These are the best known payment cards (classic plastic card):
Roll-outs started in 2005 in the U.S. Asia and Europe followed in 2006. Contactless (non-PIN) transactions cover a payment range of ~$5-50. There is an ISO/IEC 14443 PayPass implementation. Some, but not all, PayPass implementations conform to EMV.
Non-EMV cards work like magnetic stripe cards. This is common in the U.S. (PayPass Magstripe and Visa MSD). The cards do not hold or maintain the account balance. All payment passes without a PIN, usually in off-line mode. The security of such a transaction is no greater than with a magnetic stripe card transaction.
EMV cards can have either contact or contactless interfaces. They work as if they were a normal EMV card with a contact interface. Via the contactless interface they work somewhat differently, in that the card commands enabled improved features such as lower power and shorter transaction times. EMV standards include provisions for contact and contactless communications. Typically modern payment cards are based on hybrid card technology and support both contact and contactless communication modes.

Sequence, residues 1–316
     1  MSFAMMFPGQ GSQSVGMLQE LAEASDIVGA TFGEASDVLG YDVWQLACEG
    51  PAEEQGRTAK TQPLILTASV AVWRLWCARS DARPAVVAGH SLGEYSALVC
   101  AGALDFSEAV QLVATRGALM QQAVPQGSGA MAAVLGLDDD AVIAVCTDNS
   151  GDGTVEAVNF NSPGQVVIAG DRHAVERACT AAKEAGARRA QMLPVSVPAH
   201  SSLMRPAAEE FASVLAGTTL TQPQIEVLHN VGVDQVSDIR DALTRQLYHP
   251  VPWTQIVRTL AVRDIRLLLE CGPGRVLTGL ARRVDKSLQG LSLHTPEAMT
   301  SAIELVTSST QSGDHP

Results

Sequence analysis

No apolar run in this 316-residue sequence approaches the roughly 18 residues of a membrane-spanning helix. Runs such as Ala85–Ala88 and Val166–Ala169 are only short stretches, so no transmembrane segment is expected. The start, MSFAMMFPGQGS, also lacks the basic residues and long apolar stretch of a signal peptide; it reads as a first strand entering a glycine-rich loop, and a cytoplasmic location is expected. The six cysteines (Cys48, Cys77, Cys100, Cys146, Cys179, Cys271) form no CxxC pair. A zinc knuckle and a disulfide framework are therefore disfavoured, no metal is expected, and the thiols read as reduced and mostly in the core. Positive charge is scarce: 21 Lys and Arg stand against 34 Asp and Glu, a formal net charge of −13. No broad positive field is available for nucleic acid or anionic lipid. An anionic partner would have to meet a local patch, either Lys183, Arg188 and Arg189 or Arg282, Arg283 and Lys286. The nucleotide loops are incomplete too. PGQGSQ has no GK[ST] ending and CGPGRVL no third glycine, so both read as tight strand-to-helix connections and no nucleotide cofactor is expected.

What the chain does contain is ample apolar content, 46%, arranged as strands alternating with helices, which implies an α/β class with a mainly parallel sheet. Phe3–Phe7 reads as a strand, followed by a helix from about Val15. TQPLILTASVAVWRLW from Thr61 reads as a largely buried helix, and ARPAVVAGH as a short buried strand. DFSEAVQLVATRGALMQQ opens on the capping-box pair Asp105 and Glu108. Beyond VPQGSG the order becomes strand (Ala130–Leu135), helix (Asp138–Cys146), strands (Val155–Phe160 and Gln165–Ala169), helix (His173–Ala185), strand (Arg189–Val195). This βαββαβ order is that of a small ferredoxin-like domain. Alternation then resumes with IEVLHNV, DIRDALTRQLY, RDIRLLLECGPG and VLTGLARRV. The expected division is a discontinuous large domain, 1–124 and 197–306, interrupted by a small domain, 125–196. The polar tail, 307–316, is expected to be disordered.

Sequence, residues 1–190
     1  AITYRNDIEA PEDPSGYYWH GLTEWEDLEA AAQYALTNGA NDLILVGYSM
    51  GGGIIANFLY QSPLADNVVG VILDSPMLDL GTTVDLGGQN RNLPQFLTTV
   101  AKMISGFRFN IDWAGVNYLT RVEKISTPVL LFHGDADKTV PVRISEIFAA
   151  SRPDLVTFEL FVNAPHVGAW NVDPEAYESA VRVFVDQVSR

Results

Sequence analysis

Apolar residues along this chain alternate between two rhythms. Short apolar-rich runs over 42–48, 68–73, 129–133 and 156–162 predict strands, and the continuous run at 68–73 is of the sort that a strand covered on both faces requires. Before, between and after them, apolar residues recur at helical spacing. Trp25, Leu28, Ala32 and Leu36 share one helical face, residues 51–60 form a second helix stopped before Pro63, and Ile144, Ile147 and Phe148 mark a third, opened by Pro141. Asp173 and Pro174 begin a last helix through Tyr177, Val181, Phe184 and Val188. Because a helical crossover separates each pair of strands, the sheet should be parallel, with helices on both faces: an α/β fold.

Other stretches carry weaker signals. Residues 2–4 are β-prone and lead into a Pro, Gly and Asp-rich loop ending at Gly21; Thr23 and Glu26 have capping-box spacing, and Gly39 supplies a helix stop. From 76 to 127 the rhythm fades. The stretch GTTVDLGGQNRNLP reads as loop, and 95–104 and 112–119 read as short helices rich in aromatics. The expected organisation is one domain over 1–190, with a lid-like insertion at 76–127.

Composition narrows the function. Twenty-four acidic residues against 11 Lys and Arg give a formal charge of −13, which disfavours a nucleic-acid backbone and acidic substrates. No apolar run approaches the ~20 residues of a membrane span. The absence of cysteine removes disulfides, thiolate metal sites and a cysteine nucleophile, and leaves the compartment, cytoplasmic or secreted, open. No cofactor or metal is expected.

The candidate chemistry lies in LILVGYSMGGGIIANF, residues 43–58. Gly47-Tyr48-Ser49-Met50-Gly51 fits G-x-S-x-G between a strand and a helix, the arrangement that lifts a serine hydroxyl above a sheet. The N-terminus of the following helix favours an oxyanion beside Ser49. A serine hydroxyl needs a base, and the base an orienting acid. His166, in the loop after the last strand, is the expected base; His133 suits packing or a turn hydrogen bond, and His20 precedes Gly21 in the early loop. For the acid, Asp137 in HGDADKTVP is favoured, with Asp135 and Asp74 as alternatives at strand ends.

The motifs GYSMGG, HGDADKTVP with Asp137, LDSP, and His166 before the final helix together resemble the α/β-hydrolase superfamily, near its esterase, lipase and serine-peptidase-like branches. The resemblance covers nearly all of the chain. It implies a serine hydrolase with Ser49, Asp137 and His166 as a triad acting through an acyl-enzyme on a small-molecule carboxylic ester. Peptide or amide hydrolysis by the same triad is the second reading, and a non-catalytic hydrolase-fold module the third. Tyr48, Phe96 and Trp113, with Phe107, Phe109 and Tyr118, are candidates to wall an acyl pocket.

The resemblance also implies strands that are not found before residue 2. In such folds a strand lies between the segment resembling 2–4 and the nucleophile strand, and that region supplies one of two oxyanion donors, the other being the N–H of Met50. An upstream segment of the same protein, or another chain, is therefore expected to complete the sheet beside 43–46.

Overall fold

The subscriber identity modules used in mobile-phone systems are reduced-size smart cards, using otherwise identical technologies.
Smart-cards can authenticate identity. Sometimes they employ a public key infrastructure (PKI). The card stores an encrypted digital certificate issued from the PKI provider along with other relevant information. Examples include the U.S. Department of Defense (DoD) Common Access Card (CAC), and other cards used by other governments for their citizens. If they include biometric identification data, cards can provide superior two- or three-factor authentication.